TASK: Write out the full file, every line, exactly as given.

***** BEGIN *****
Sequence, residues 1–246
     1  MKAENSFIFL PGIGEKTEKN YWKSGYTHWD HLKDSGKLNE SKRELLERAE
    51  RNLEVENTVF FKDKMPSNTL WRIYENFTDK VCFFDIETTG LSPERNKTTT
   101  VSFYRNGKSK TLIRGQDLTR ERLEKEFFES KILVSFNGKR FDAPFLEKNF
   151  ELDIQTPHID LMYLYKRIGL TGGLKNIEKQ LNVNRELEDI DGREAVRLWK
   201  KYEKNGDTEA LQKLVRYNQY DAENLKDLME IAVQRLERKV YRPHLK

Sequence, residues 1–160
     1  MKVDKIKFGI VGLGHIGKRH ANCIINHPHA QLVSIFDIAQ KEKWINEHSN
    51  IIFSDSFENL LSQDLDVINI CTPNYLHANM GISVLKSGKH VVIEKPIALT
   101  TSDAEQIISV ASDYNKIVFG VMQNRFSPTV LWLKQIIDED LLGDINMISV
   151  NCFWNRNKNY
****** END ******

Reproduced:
Sequence, residues 1–246
     1  MKAENSFIFL PGIGEKTEKN YWKSGYTHWD HLKDSGKLNE SKRELLERAE
    51  RNLEVENTVF FKDKMPSNTL WRIYENFTDK VCFFDIETTG LSPERNKTTT
   101  VSFYRNGKSK TLIRGQDLTR ERLEKEFFES KILVSFNGKR FDAPFLEKNF
   151  ELDIQTPHID LMYLYKRIGL TGGLKNIEKQ LNVNRELEDI DGREAVRLWK
   201  KYEKNGDTEA LQKLVRYNQY DAENLKDLME IAVQRLERKV YRPHLK

Sequence, residues 1–160
     1  MKVDKIKFGI VGLGHIGKRH ANCIINHPHA QLVSIFDIAQ KEKWINEHSN
    51  IIFSDSFENL LSQDLDVINI CTPNYLHANM GISVLKSGKH VVIEKPIALT
   101  TSDAEQIISV ASDYNKIVFG VMQNRFSPTV LWLKQIIDED LLGDINMISV
   151  NCFWNRNKNY